The research group was beneficial in three primary ways. First, my colleagues provided precise input regarding the texts I had written: what parts were already compelling, and what needed work. As is often the case in early drafts of my scholarly writing, the final paragraph was where each proposal finally became focused and compelling, so they encouraged me to put that portion at the top, and then re-develop my proposal from there. Second, they reminded me to be more explicit about my own position in the work: my experience and background, my skills and interests, the specific things I would still need to learn. Why is this project important, and why am I the person who should be funded in order to carry it out? Finally, perhaps most importantly, the group helped identify the unifying interests that connected both projects, with their shared focus on cultural processes related to environmental changes that cut from the local to the global scale. The summer research group came at an important moment for me–my first book is about to be published; next year, I will have the first sabbatical of my career. In a job where so much of our effort is focused on getting through the immediate task at hand, the conversations this summer helped me turn to the question of what questions will keep me engaged for the next five years or more.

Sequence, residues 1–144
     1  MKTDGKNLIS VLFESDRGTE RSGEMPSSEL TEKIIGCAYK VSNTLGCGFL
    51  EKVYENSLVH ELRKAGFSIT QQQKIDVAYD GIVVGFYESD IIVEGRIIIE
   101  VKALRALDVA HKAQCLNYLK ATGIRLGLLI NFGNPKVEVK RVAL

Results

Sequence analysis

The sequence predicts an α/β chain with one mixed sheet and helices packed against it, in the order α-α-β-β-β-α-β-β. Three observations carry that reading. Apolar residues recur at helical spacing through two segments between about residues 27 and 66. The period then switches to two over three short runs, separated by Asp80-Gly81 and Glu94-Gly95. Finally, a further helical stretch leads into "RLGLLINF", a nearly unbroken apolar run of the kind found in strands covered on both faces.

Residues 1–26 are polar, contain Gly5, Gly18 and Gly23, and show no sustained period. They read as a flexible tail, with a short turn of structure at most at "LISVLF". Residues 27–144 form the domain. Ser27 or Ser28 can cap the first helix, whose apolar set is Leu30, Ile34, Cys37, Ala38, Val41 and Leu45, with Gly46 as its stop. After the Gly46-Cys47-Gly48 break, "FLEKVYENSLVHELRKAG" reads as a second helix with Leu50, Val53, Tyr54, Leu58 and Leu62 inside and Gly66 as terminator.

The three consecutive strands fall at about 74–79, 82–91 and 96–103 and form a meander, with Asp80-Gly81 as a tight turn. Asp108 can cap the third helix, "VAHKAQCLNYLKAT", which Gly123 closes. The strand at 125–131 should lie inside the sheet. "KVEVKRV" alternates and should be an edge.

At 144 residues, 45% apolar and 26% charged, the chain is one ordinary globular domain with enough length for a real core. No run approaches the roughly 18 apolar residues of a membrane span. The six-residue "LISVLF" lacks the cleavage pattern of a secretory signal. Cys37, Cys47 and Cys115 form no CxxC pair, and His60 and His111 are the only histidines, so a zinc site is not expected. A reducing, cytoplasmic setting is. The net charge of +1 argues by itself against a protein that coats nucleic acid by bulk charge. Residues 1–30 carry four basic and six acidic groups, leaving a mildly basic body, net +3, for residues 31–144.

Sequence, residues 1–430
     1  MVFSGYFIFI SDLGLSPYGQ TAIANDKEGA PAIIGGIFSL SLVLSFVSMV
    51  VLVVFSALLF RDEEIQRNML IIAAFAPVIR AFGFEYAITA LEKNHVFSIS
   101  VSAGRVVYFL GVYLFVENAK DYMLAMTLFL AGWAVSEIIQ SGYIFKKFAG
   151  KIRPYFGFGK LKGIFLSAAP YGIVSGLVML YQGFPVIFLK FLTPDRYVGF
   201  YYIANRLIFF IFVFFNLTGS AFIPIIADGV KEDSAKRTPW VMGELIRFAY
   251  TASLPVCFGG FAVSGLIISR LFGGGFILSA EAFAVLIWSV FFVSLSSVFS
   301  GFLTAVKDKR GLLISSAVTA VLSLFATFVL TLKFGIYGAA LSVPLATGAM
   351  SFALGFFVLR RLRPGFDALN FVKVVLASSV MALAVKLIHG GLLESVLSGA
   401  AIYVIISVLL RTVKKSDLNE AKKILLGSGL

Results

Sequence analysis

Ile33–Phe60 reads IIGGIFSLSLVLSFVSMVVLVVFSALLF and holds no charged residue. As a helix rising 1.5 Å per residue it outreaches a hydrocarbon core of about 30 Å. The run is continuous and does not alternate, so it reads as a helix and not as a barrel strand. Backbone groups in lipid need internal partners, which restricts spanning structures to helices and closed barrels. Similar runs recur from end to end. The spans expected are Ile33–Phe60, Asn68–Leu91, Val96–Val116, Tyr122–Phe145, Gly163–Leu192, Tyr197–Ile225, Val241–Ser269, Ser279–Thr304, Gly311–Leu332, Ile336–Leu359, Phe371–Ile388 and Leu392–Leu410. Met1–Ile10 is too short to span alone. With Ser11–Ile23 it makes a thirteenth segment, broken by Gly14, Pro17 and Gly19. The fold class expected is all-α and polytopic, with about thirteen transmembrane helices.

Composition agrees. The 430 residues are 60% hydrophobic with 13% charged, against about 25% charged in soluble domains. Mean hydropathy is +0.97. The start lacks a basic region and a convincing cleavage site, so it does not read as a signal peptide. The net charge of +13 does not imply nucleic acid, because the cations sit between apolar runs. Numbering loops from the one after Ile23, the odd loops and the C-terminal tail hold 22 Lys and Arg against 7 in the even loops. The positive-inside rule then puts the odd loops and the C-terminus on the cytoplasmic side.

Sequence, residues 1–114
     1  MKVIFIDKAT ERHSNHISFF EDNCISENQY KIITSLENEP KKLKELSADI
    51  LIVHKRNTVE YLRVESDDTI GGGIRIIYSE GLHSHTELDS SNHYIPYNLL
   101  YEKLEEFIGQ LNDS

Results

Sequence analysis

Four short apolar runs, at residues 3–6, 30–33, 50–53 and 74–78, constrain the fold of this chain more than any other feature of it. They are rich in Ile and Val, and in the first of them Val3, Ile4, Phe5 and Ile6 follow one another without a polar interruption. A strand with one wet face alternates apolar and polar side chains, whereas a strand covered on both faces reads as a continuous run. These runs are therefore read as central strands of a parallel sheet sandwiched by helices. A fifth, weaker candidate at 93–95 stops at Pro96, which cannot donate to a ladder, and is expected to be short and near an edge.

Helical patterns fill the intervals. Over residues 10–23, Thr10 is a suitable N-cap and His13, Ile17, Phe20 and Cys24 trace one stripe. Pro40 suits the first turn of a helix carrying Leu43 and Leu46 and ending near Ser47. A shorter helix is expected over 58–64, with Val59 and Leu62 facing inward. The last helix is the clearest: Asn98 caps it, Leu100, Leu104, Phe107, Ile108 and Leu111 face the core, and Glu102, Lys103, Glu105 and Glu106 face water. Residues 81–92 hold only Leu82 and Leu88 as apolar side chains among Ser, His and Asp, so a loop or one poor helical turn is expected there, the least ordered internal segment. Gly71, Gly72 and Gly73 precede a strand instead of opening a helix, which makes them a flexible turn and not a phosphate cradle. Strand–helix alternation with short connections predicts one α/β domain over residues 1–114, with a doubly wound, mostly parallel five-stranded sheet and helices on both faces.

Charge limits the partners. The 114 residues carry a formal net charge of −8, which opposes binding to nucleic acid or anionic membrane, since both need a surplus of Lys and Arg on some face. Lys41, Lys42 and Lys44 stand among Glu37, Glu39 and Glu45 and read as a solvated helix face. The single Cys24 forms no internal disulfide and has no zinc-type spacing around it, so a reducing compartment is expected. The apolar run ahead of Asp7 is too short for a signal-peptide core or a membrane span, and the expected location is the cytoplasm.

For some of my scholarly activities, I reflect on my work inside the classroom. I published, for example, on approaches to teaching writing and grammar in upper-level German classes in 2018 and, together with my colleagues Kiley and Seth, wrote about building a critical German Program at Carleton in 2023. Both articles were published in the leading pedagogical journal of our field, Die Unterrichtspraxis/Teaching German.